It reminds me of a conversation I once had with a PD down south that said he didn’t see the need to pay the exorbitant rights fees the local college football team was asking for to be an affiliate of their radio network because there are dozens of ways to consume any one game now. Nothing that has multiple broadcast homes can be that special.

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Another PD told me that given the value in the ESPN brand name, the network shouldn’t rule out continuing to shuffle the deck until they hit on multiple shows that are truly special.

“The ESPN brand still universally means sports – and the play-by-play rights that the network offers are very valuable. But they should continue exploring and looking for transcendent talent to be a part of their regular lineup. Another run at a Pat McAfee? Try to get Katie Nolan more involved in daily radio? Peyton Manning? Hell, put Brett Favre on a show…something that moves the needle. Use weekends to grow up-and-coming personalities, but think about dynamic ensembles for daily radio that creates more ‘juice’ and interest.”

I asked two major market programmers their thoughts on the lineup and where ESPN stands in the national network landscape. Both acknowledged they were unhappy with where things stood, but they each gave a very different answer in terms of where the network ranks against its competitors.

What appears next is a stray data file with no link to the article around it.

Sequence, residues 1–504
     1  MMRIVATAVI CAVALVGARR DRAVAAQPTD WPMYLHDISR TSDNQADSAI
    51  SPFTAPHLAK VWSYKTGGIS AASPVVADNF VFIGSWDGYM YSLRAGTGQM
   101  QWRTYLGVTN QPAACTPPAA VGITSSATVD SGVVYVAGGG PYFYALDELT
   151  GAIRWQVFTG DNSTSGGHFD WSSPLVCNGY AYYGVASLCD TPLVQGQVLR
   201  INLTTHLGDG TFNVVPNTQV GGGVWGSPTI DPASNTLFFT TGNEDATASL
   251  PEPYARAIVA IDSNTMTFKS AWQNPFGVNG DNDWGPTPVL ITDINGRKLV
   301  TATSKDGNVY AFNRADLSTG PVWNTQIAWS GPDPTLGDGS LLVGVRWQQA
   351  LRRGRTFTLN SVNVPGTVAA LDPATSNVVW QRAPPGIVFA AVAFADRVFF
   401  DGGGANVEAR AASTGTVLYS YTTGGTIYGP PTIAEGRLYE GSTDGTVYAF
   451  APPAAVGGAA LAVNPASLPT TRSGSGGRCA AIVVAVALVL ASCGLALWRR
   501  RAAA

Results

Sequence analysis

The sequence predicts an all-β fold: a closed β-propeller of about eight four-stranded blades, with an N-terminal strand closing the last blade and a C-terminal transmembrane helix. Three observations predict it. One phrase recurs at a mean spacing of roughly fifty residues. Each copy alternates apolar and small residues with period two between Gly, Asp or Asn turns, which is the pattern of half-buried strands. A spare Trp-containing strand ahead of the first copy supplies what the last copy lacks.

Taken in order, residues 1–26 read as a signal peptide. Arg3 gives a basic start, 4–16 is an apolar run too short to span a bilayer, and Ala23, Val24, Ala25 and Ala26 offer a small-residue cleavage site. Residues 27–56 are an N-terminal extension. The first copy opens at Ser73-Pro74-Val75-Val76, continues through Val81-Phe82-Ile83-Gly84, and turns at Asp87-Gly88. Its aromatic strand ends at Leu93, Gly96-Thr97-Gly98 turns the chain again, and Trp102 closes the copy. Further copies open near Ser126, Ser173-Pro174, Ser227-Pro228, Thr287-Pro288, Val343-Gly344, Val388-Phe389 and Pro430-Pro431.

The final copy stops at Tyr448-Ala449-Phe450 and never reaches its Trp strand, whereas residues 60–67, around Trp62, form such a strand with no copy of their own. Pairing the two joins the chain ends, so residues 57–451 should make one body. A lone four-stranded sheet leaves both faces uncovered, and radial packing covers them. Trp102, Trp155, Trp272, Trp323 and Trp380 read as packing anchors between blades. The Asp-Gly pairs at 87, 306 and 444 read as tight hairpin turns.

“If we could get out of our contract today, we would. I think that says a lot about how things have changed,” one told me. When I asked if he felt the network valued his station and any of the feedback they’d provided on how the changes were affecting business, he added “Unfortunately, many of the line-up changes are inferior to previous shows on the network once offered. We have voiced our opinion, especially on the morning show but don’t feel we are being heard. Our complaints are usually met with research on where they say the show “is working.”

Another programmer also felt the network’s lineup had lost its luster but tried to relay the positives. “I think ESPN’s roster – albeit not as good as it was a few years ago with Mike & Mike – is still the best option. Fox Sports Radio has closed the gap but ESPN’s play-by-play pushes their package over the top. If you want your brand to be relevant in the future though, worrying about Bart & Hahn’s ratings should be secondary to building out LOCAL content.”